Label Volunteer Laura Gray Núñez reflects on the importance of November being Men’s Health Awareness Month.

November is Men’s Health Awareness Month, and highlights the range of issues men face, whether it be physical or mental struggles. This month is vital to shed light on the concerns of men within society who have a tendency to be reluctant in coming forward for help and support.

In terms of physical disease, prostate cancer and testicular cancer only affect men, therefore it is important to know what to look for when addressing a potential issue, especially with men being less likely to visit their GP or pharmacist. Approximately 40,000 more men have been tested for prostate cancer in the UK compared to last year, meaning a total of 243,052 men have gone to be checked. This is a testament to a wider conversation and an increasing accessibility of support that in turn leads to more men making an active attempt to avoid illness.

Education over potential symptoms to be aware of is becoming more important than ever before. With schools being more aware of these issues and informing young people of risks and encouraging a more vocal approach, the numbers of both preventable disease and suicide rates will only decrease, so a proactive and well-informed approach is essential to a change occurring in men’s physical health.

There is also an ever-growing concern for men’s mental health in society, but why do men not reach out for help? In 2019, almost 78% of suicides were recorded to be male suicides. This shocking statistic is, unfortunately, no coincidence, as society is guilty of instilling the concept that being masculine and to ask for help or talking about your feelings are two extremely conflicting behaviours. Worldwide, around 40% of men do not speak about their mental health, which is particularly damaging. It is well known that a problem shared is truly a problem halved, so the mindset that men have no other option must be changed.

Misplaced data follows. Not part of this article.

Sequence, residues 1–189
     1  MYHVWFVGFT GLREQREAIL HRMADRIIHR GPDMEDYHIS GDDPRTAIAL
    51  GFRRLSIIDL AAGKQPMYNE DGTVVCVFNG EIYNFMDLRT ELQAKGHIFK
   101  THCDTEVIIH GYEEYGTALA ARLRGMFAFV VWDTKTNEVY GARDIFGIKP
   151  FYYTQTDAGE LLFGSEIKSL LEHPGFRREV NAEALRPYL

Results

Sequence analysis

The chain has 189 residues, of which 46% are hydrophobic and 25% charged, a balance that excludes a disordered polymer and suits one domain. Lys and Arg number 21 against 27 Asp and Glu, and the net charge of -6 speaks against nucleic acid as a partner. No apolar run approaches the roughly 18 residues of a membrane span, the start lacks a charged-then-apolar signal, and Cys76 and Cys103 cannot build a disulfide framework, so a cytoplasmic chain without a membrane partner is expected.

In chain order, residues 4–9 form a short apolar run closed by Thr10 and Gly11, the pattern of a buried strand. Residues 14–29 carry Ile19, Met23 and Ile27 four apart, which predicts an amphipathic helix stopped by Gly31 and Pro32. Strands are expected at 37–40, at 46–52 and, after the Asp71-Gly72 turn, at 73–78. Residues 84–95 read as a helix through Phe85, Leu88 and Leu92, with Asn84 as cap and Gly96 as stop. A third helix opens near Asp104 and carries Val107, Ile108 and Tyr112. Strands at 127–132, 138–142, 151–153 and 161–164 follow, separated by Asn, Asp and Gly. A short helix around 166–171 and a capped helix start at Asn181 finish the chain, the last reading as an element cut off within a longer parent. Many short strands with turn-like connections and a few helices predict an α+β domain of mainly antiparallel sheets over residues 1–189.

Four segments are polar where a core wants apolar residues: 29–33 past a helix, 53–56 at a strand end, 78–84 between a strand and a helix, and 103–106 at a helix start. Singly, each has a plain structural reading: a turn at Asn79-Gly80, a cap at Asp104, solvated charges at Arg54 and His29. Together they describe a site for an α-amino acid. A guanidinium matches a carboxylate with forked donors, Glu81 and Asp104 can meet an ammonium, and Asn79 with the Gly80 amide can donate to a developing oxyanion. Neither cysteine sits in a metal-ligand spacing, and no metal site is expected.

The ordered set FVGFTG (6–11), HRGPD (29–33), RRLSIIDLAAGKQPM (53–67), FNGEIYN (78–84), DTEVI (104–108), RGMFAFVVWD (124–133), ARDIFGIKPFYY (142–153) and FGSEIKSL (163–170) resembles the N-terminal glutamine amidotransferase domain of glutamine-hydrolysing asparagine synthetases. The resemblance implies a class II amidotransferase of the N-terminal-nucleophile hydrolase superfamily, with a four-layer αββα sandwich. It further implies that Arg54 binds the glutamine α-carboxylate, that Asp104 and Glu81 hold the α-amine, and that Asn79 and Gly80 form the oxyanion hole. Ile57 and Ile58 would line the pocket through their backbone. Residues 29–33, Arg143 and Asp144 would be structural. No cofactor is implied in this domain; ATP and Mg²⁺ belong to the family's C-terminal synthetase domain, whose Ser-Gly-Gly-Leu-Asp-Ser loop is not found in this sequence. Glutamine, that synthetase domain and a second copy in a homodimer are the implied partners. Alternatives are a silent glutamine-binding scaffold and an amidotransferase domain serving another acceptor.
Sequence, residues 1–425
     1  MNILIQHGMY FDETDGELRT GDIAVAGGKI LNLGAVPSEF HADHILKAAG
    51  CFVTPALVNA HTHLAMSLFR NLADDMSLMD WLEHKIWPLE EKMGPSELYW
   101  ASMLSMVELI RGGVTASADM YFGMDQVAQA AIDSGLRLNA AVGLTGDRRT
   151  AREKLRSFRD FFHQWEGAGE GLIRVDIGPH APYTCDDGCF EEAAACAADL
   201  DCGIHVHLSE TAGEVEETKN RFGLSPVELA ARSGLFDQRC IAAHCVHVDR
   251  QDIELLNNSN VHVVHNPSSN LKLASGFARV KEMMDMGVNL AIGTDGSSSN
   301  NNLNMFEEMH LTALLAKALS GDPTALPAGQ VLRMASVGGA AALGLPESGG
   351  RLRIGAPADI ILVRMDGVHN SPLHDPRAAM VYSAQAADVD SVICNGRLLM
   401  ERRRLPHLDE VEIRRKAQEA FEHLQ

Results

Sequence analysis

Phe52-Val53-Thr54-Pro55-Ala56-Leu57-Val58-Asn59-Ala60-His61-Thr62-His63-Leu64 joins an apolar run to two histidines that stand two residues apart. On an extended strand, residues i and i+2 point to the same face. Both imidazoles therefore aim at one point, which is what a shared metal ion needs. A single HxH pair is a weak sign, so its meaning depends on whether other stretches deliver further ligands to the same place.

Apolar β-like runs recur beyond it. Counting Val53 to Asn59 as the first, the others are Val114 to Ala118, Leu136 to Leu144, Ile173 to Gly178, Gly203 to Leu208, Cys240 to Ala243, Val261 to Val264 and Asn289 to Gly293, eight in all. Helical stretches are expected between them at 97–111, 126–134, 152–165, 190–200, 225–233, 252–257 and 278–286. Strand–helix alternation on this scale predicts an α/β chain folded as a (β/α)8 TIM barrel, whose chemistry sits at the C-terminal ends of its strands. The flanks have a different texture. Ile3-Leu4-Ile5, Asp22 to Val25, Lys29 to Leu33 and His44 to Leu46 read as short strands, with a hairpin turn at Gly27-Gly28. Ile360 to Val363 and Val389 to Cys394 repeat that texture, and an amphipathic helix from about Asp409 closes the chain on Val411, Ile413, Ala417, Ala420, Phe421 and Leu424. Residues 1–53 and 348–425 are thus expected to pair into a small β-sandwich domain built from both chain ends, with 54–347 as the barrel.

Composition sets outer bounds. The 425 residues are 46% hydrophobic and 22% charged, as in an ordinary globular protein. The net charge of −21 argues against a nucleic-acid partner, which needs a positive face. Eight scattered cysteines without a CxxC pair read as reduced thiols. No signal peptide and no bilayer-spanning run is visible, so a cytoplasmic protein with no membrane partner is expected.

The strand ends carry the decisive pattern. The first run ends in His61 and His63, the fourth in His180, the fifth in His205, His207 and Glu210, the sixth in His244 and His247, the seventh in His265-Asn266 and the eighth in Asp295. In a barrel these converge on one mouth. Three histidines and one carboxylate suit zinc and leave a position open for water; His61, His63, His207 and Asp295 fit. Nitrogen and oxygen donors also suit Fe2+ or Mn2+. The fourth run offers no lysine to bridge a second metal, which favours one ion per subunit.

The expectation to be the “breadwinners” is a threat to all men in modern society as it is a cause of extreme psychological pressure. A sole responsibility provide can push men who are already struggling with their mental health into a downward spiral. Being unable to escape from the constant cycle of sadness and stress is what causes the high suicide rates in men, therefore our generation must be the change that eradicates the belief that men cannot speak about their feelings.

With growing methods of treatment like therapy and medication being a more viable option, we are becoming more effective in addressing the issues faced, and this can only continue with further mental health facilities that appeal to the needs of men.

Remember to keep checking up on your friends and family members regularly, having a support network to go to in times of difficulty, or even just for a chat, truly makes a difference.

For Loughborough Mental Health Services, please click here.

Edited By: Zoe Powell (News and Politics Editor)

Design By: Sarim Mangi (Head of Design)


Comments are closed.